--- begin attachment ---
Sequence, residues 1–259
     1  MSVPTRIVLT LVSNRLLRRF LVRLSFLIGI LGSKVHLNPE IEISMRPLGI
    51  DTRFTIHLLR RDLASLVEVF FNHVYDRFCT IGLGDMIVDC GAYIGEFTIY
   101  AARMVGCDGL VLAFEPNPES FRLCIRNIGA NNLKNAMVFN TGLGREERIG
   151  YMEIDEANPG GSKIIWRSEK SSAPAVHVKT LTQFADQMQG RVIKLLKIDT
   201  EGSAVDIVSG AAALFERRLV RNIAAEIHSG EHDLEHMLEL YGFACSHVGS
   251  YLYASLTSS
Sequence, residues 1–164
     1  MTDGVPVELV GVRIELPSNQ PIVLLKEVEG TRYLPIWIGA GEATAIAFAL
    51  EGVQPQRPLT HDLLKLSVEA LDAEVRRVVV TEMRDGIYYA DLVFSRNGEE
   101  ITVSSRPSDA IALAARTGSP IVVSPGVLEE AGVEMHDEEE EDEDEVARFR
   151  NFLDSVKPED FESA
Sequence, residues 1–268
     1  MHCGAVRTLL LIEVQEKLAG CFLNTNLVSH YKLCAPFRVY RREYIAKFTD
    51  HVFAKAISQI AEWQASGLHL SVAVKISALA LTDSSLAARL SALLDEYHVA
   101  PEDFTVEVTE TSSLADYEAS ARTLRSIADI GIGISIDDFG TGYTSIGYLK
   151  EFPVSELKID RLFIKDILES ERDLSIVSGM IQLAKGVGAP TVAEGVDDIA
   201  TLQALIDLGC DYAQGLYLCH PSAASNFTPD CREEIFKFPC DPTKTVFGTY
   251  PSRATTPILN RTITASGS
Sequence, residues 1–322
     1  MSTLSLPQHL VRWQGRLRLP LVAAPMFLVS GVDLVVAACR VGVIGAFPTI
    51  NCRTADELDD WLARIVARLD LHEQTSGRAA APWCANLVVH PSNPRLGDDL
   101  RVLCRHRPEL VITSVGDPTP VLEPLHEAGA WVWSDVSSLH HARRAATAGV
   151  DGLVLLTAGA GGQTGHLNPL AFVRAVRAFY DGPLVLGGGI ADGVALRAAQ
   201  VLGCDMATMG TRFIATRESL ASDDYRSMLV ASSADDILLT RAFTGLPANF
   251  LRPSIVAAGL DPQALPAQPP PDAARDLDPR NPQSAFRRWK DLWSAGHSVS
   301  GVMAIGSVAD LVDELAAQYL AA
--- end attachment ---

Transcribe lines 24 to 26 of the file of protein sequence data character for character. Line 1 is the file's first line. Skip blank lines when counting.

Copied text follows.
   151  DGLVLLTAGA GGQTGHLNPL AFVRAVRAFY DGPLVLGGGI ADGVALRAAQ
   201  VLGCDMATMG TRFIATRESL ASDDYRSMLV ASSADDILLT RAFTGLPANF
   251  LRPSIVAAGL DPQALPAQPP PDAARDLDPR NPQSAFRRWK DLWSAGHSVS